I’ve just read this article about Bryce Molder and wanted to share it. Another inspiring story for anyone, but with special significance for PIP-UK. This story shows again how anything is possible with a little thought and determination. The story is short and simple but contains a strong message of achievement.
Bryce Molder was born with Poland syndrome and fingers on his left hand are smaller than his right. Bruce Molder will return to CordeValle Golf Club outside San Jose next month and try to win the Frys.com Open for the second consecutive year. He will wear a nice golf shirt, with no reason to fret about landing on the “wrong” team.This offers a sharp contrast to some of Molder’s sporting experiences as a kid.
He was born with Poland syndrome, a rare condition that left him with shorter fingers on his left hand, a webbed thumb and fingers on his left hand, and no left pectoral muscle. Four childhood surgeries fixed the webbing, but Molder was understandably self-conscious in his younger days.He didn’t want other kids to stare at him, bare-chested, and see little more than his ribcage on his left side.
“It was weird as a kid, just because you hate being different,” Molder said in a phone interview Tuesday. “You want to blend in. The worst thing was playing shirts and skins in soccer or basketball. I was scared to death of being on the skins team.”
Today, at 33, he harbors few such fears. His left hand is about 20 percent smaller than his right hand, and there’s some scarring from those long-ago surgeries to remove the webbing. The fingers on his left hand are between 20 and 40 percent smaller than those on his right hand.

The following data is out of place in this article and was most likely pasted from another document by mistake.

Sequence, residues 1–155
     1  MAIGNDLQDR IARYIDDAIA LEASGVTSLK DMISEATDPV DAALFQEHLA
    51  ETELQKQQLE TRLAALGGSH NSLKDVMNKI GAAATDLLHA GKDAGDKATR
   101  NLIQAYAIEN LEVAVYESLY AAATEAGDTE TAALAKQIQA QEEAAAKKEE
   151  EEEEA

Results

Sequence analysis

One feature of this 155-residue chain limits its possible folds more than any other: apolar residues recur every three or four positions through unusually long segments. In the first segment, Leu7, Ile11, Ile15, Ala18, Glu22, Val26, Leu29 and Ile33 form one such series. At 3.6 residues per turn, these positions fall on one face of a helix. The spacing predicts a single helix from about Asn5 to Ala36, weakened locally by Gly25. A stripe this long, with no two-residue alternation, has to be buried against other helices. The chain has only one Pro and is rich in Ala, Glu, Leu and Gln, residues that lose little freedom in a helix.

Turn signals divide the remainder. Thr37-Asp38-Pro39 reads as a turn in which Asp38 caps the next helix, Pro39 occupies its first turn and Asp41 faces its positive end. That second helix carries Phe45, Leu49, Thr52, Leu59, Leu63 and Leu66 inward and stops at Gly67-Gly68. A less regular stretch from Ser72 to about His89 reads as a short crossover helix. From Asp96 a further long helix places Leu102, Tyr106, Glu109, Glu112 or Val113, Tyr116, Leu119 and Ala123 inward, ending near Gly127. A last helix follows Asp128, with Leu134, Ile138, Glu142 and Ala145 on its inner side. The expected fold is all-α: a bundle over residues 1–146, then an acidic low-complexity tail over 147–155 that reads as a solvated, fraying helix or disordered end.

He clearly has more strength on his right side than his left side, which shapes his swing in some ways – though he now realizes most people wouldn’t notice the missing muscle if they saw him at the pool.
Molder talks about conquering his birth difference because he knows the apprehension engulfing parents of kids with Poland syndrome. The parents worry their child faces lifelong physical limitations. Molder, with more than $7 million in career earnings as a professional golfer, often meets with these families to offer encouragement.
His optimism helped him cope with his challenges, even if it wasn’t always realistic.
“When I was a kid, I thought I’ll just work really hard and build a (pectoral) muscle,” he said. “Well, there’s no muscle to build. … I was never going to win a bench press competition – I was kind of small and skinny, anyway, so I didn’t care about playing football. I went toward hand-eye coordination sports.”
He began playing golf at age 5, quickly thrived and gained self-confidence that way. Molder eventually became a four-time All-American at Georgia Tech, known as one of the nation’s (and now one of the tour’s) finest putters.
Among his memorable moments was the 60 he shot at his home course in Arkansas during college – alongside then-President Bill Clinton. Clinton also was a member of the club, and during a visit he invited Molder to join him for a round.